Charlie: What do you think music / soundscapes can bring to academic representations of statelessness / children's lives?
Pete: I think on a very basic level music can often bring life to things. There's a certain emotional level that music taps into straight away. I think it can also work as a kind of anthropology but I don't think I've done that here. It would have been awesome to engage more closely with Cambodian music, exploring traditional instrumentation or forms. I think if I'd done that then perhaps the music could also have touched upon something cultural too; but the route that I went down is definitely much more of a soundtrack, something that hopefully just gently tints the lens of the view that you have provided in your research.
Charlie: What other projects are you working on at the moment?
Pete: I'm currently just coming to the end of working on a record that I've been composing throughout lockdown. I've been very privileged to have lots of music-making facilities at my disposal and plenty of time to use them. Lockdown for me has been a period of reflection and introspection and so I think the music I've made explores those qualities. Hopefully it'll be released before the end of the year. Between now and then I'm going to take a break and go cycling :)
Pete and I have plans to collaborate again. You can listen to the soundtrack to this project and some of Pete's other brilliant creations below.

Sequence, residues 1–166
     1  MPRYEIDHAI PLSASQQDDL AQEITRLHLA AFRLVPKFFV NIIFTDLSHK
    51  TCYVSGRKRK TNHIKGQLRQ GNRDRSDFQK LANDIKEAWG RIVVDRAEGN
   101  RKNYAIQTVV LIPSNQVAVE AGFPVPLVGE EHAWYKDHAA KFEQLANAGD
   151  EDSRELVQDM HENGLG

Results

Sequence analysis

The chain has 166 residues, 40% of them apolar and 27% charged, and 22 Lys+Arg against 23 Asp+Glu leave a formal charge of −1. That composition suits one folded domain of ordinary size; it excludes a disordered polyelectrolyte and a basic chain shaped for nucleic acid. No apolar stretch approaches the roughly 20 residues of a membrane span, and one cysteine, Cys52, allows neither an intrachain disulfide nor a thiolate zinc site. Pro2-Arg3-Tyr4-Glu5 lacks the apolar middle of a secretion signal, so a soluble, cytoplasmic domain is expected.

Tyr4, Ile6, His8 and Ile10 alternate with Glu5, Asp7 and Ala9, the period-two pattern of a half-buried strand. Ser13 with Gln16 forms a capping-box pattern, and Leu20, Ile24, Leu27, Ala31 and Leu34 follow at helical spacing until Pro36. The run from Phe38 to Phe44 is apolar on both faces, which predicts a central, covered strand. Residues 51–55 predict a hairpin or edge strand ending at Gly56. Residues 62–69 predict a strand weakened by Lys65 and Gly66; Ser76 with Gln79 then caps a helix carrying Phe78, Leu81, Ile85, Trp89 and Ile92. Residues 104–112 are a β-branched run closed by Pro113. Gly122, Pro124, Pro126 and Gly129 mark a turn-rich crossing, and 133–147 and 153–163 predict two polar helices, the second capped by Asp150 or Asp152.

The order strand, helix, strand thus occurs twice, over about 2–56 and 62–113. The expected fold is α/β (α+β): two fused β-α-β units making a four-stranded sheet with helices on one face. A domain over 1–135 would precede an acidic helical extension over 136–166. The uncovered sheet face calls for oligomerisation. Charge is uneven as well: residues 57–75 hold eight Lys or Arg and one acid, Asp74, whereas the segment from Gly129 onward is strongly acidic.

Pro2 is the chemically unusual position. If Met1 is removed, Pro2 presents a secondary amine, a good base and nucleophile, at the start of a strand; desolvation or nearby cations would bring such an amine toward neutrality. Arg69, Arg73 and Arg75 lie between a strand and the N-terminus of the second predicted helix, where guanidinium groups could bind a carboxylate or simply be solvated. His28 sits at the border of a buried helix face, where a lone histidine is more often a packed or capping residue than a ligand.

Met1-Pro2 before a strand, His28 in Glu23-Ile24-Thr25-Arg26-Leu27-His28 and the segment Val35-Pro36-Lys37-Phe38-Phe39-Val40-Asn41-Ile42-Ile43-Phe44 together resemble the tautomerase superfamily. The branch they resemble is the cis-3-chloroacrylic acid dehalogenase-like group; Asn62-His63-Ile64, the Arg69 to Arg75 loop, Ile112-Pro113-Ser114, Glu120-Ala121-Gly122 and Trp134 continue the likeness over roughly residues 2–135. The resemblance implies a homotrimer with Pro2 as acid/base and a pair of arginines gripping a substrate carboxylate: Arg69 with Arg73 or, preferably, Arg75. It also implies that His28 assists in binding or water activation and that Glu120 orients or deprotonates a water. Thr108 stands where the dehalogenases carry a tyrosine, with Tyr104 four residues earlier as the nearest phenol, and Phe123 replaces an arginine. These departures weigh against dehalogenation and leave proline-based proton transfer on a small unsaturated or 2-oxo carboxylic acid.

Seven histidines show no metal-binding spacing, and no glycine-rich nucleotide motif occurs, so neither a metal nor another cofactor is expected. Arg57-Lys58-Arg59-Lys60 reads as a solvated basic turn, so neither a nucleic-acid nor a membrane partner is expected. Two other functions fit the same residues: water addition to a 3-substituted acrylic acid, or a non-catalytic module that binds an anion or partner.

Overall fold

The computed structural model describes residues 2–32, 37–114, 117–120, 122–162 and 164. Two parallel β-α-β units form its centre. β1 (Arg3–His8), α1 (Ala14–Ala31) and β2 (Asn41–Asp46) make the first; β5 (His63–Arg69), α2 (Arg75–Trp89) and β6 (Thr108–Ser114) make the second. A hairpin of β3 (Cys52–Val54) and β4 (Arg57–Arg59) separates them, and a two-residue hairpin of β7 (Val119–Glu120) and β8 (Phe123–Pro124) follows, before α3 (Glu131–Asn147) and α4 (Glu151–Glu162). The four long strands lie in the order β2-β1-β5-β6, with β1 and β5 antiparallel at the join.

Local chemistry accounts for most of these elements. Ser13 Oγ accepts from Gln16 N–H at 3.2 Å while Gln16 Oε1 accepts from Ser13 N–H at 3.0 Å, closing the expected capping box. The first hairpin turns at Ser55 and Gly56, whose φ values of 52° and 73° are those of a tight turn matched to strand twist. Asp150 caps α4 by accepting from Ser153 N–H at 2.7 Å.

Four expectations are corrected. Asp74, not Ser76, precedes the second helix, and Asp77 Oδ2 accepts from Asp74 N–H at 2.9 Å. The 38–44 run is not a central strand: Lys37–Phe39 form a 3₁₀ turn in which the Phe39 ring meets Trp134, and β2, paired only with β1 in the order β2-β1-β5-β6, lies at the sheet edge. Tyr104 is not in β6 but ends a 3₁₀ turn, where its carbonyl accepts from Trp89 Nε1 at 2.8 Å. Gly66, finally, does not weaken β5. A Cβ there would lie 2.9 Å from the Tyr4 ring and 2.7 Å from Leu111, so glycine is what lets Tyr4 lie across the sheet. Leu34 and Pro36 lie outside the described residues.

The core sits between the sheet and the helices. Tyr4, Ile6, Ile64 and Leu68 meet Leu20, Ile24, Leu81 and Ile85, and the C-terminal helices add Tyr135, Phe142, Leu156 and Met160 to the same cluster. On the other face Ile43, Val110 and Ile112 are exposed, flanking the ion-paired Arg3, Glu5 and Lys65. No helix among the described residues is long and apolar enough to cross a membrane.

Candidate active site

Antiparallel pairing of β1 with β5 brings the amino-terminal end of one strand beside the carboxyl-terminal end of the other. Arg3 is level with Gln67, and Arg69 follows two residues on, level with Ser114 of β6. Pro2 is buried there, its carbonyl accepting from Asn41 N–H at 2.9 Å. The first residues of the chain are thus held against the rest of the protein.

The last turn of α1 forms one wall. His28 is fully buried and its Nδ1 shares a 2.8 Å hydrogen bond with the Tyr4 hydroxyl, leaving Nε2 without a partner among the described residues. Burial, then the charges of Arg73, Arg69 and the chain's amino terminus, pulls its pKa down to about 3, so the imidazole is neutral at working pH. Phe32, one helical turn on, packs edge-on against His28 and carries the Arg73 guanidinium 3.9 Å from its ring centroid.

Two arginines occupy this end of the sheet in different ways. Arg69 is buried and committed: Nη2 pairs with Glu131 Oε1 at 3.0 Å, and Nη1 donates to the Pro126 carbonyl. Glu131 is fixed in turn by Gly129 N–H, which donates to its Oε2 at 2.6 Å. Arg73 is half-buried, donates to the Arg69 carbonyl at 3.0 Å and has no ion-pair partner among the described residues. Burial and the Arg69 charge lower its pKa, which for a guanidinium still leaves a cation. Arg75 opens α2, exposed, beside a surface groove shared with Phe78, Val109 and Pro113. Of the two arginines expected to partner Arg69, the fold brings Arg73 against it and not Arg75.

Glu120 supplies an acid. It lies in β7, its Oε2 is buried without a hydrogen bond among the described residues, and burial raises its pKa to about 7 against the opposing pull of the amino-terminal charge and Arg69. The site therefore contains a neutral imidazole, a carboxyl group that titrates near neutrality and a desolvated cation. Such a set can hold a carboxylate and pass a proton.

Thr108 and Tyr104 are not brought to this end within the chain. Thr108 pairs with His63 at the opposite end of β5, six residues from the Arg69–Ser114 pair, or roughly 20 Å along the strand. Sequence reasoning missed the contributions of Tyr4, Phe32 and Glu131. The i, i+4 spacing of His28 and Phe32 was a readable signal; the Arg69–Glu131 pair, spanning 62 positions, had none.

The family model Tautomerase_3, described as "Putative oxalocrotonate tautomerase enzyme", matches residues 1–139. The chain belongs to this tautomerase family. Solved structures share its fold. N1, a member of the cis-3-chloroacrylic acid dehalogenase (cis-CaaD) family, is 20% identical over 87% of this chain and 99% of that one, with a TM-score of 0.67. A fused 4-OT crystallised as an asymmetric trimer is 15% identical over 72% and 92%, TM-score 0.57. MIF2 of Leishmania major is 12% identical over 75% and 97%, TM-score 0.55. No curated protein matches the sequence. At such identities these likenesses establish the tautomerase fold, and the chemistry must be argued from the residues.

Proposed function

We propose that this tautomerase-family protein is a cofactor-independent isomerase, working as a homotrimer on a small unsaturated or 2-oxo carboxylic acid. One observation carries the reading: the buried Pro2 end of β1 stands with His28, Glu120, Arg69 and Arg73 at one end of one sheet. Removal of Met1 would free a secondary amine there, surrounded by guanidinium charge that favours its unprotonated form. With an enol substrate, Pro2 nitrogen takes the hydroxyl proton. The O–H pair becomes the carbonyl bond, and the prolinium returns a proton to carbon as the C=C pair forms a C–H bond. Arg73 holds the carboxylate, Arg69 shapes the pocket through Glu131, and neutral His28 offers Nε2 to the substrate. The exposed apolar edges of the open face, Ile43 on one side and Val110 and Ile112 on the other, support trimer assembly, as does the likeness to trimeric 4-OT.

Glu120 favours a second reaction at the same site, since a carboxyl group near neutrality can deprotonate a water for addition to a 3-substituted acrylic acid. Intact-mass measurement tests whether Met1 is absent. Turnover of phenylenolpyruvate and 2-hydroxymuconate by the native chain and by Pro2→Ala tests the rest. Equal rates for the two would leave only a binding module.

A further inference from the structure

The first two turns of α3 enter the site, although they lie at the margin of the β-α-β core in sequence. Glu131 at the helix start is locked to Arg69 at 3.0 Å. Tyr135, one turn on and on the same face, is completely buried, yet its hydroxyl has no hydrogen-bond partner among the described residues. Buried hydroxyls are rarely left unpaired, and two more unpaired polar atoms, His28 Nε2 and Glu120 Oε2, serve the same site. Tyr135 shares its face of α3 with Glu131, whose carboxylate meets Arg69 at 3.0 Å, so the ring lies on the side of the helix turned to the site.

Ethnographic soundtracks, to me at least, encapsulate not just the obvious sounds of the research environment (in Cambodia the rooster, motorbikes and rain spring to mind). When using visual methods time needed to be carved out for children to draw. To create an atmosphere of concentration, I asked participants if they would like to listen to some music. That year Adele's "Hello" had made it to the smart phones of the young people I worked with. They loved it. So I downloaded the album "25" and played it whenever a visual task was being done. At one point I thought perhaps participants would rather I play something less focused on heart ache and redemption. So I changed the music to something more 'popular'. I was quickly asked to play Adele again. I remember David, 15 saying "miss, sorry can you change it back. It is soothing". Whenever I coded data, or read through transcripts I listened to the album. It somehow revived my memory, calmed me down and did something squishy inside. Music is known to connect to the unspoken. This is why I am excited to use sounds in the future.
Catherine Allerton wrote a great essay on the power of 'Sahabat': a song by the Malaysian singer Najwa Latif. She writes beautifully about the song's emotional power, and how it eased her transitions through fieldwork from the role of English-speaking parent to Malay-speaking fieldworker. Check it out.
Allerton, C. 2019. Najwa Latif – ‘Sahabat’. Suomen Antropologi: Journal of the Finnish Anthropological Society. 43(2): 84-87. Special Section, ‘The Fieldwork Playlist’. https://doi.org/10.30676/jfas.v43i2.77654